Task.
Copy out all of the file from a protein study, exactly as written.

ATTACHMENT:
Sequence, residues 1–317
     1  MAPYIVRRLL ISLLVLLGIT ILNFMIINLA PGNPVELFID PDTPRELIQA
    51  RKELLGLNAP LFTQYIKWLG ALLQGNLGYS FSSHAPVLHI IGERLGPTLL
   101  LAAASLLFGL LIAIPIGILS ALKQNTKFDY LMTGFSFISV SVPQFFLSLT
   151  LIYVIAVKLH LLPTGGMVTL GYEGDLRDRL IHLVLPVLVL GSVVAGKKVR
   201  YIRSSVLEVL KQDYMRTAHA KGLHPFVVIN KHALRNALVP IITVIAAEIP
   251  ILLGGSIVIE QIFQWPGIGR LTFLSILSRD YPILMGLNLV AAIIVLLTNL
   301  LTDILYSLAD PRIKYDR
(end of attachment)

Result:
Sequence, residues 1–317
     1  MAPYIVRRLL ISLLVLLGIT ILNFMIINLA PGNPVELFID PDTPRELIQA
    51  RKELLGLNAP LFTQYIKWLG ALLQGNLGYS FSSHAPVLHI IGERLGPTLL
   101  LAAASLLFGL LIAIPIGILS ALKQNTKFDY LMTGFSFISV SVPQFFLSLT
   151  LIYVIAVKLH LLPTGGMVTL GYEGDLRDRL IHLVLPVLVL GSVVAGKKVR
   201  YIRSSVLEVL KQDYMRTAHA KGLHPFVVIN KHALRNALVP IITVIAAEIP
   251  ILLGGSIVIE QIFQWPGIGR LTFLSILSRD YPILMGLNLV AAIIVLLTNL
   301  LTDILYSLAD PRIKYDR